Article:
From an arts business in Caithness to a building company on Arran, an estimated 15,000 firms are having to deal with punitive extra fees.
Tales of people living in rural areas paying over the odds for items arriving by courier are well known, but Citizens Advice Scotland (CAS) has published new research showing the impact of the unfair charges on commercial life.
Some 90% of the near 250 businesses who responded to a CAS survey reported they are charged extra for having items delivered just because of their postcode and 76% felt this had a substantial impact on their business.
About eight out of 10 regularly encountered misleading claims of "free delivery", when surcharges were actually imposed due to their location.
A majority of sellers were also unwilling or unable to depart from their standard carrier arrangements.
Meanwhile, more than three-quarters of the Scottish respondents were regularly classed as "offshore" or "remote" when ordering items online. This included businesses whose premises were on the Scottish mainland but were considered an island.
One example is the world-renowned Three Chimneys Restaurant on Skye. Shirley Spear the co-owner said: "We are linked to the UK mainland by a one-mile-long road bridge, but still regarded as off-shore.
"I object when anywhere from Cornwall to John O'Groats is considered 'normal' but the Skye Bridge sets us off-limits."
She said that being charged high delivery charges was "grossly unfair" and said the issue was "a constant headache and one which affects us every single day and has added considerably to the cost of every major development project we have undertaken over 30 years. Unfair. Never taken seriously as an issue."
Len Ford has a construction business in Inveraray. He said: "I was telephoned with regard to a problem with an order for a glass hearth. My order had been accepted but was told there would be an extra delivery charge of £19 + vat.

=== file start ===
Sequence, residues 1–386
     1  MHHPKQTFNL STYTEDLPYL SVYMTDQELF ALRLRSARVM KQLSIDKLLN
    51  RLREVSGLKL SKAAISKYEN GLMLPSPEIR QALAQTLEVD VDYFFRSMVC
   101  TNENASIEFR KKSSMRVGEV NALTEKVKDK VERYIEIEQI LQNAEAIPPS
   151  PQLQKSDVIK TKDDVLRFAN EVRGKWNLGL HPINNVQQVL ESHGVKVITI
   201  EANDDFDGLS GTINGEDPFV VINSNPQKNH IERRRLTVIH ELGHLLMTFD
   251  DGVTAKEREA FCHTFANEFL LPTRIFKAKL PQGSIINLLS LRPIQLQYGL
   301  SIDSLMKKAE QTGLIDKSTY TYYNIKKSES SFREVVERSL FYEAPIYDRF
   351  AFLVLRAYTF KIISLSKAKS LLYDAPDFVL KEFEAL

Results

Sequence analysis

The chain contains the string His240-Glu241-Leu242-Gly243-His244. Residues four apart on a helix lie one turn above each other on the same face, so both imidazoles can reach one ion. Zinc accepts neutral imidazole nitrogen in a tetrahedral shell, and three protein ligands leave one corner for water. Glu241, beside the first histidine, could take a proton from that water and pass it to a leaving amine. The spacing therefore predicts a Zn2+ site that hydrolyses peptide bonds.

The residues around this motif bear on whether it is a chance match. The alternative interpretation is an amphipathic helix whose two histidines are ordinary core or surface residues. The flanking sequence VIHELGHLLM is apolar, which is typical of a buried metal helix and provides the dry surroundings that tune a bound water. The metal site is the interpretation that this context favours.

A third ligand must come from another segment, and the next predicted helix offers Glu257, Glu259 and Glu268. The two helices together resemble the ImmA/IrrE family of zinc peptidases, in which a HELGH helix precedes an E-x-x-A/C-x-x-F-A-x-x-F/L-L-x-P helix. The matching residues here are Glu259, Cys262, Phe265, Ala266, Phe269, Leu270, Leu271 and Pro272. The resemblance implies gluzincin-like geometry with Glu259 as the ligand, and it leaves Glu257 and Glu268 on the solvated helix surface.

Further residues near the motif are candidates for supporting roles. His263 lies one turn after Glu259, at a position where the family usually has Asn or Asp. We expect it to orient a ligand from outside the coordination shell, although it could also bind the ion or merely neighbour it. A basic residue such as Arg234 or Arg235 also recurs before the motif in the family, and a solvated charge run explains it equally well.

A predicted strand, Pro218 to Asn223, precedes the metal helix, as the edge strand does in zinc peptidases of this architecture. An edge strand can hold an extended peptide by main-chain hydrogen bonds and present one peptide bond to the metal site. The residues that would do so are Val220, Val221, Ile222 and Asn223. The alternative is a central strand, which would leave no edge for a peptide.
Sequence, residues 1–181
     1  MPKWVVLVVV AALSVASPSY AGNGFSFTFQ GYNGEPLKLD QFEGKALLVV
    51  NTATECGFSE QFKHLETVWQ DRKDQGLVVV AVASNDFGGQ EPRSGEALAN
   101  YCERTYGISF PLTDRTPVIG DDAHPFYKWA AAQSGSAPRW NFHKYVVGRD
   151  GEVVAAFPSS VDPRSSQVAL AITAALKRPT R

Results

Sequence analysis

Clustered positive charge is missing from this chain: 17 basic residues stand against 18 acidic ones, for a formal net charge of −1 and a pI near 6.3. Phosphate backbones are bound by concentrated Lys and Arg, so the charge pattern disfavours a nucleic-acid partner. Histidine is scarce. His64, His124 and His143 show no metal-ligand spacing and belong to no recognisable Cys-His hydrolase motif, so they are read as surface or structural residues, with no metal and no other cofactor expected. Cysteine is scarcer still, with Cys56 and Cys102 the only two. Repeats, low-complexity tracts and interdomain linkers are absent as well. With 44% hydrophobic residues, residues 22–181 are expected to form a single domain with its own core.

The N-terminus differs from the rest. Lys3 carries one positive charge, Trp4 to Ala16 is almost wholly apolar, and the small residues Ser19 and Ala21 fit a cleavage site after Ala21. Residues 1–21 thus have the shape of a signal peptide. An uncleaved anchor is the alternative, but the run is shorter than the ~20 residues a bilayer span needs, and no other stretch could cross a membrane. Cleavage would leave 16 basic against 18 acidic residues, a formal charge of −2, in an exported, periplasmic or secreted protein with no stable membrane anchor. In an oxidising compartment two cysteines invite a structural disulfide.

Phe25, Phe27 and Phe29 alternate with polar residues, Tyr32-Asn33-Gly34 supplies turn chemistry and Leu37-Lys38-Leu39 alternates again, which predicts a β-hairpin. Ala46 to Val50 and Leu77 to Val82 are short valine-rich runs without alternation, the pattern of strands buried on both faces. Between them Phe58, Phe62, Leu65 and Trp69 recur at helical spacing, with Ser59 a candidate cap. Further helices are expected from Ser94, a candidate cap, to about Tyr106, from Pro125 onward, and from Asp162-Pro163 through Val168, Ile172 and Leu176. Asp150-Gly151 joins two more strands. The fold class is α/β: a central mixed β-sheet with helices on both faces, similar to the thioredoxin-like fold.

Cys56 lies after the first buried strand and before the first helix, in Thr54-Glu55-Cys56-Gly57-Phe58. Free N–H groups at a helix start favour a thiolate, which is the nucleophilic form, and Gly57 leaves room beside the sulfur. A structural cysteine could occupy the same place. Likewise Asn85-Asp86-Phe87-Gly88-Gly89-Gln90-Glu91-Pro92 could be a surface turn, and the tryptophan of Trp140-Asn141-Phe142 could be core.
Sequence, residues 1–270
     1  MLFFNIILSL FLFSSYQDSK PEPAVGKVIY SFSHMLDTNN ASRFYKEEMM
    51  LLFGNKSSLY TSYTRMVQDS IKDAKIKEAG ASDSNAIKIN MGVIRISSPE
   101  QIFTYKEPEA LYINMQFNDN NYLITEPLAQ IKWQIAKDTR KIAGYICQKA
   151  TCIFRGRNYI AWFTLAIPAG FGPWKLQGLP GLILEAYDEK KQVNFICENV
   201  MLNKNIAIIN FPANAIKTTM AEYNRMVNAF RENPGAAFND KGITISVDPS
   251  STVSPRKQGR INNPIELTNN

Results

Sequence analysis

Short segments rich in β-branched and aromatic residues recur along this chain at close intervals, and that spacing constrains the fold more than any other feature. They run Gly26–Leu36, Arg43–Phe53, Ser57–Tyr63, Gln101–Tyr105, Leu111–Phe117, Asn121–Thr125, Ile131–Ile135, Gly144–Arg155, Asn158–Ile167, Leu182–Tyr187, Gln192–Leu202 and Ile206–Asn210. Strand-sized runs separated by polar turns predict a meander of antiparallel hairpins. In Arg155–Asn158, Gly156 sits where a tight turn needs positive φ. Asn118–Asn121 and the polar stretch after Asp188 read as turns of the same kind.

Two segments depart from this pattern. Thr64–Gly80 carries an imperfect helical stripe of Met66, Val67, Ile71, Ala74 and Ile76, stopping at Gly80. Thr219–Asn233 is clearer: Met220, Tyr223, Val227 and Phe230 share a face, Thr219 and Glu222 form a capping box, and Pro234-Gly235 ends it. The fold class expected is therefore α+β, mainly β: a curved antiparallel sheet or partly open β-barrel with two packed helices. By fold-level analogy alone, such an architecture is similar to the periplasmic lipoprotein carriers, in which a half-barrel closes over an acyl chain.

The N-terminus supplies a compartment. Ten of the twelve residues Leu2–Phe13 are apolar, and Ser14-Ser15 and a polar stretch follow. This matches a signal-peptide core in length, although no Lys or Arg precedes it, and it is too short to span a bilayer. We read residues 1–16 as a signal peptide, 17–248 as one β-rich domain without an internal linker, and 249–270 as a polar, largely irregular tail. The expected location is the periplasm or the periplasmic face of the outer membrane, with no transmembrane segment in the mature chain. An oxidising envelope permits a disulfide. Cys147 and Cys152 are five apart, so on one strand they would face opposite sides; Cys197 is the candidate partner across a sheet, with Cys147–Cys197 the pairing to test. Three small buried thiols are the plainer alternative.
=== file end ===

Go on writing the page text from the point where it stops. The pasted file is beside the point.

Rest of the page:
"When I asked to send it by small packet Royal Mail, I was told that they were not set up to do this. They also said that the charges were beyond their control."
Keith Dryburgh, Citizens Advice Scotland's policy manager, said the Postcode Penalty: the Business Burden report showed it was a problem across Scotland, not just the Highlands and Islands.
He said: "What we have found is that businesses across Scotland are very badly hit by this problem, and it is a serious burden on them."
Most of the respondents were from the north and north east but the survey revealed the issue was not confined to rural areas. It also affects major urban areas as well.
Mr Dryburgh said: "We have found in previous research that many companies base their delivery fees purely on postcodes, rather than on the actual cost of delivering an item.
"Mark-ups can be as much as 50%, which can be devastating to a small business which has to buy in stock."
Among CAS's recommendations are that wherever possible, retailers should offer delivery by Royal Mail and if delivery by Royal Mail is not possible, retailers should give customers a clear reason why this is the case.
Sellers and carriers should offer alternative points as options for delivery, working in conjunction with the Post Office and local community hubs such as shops to facilitate this.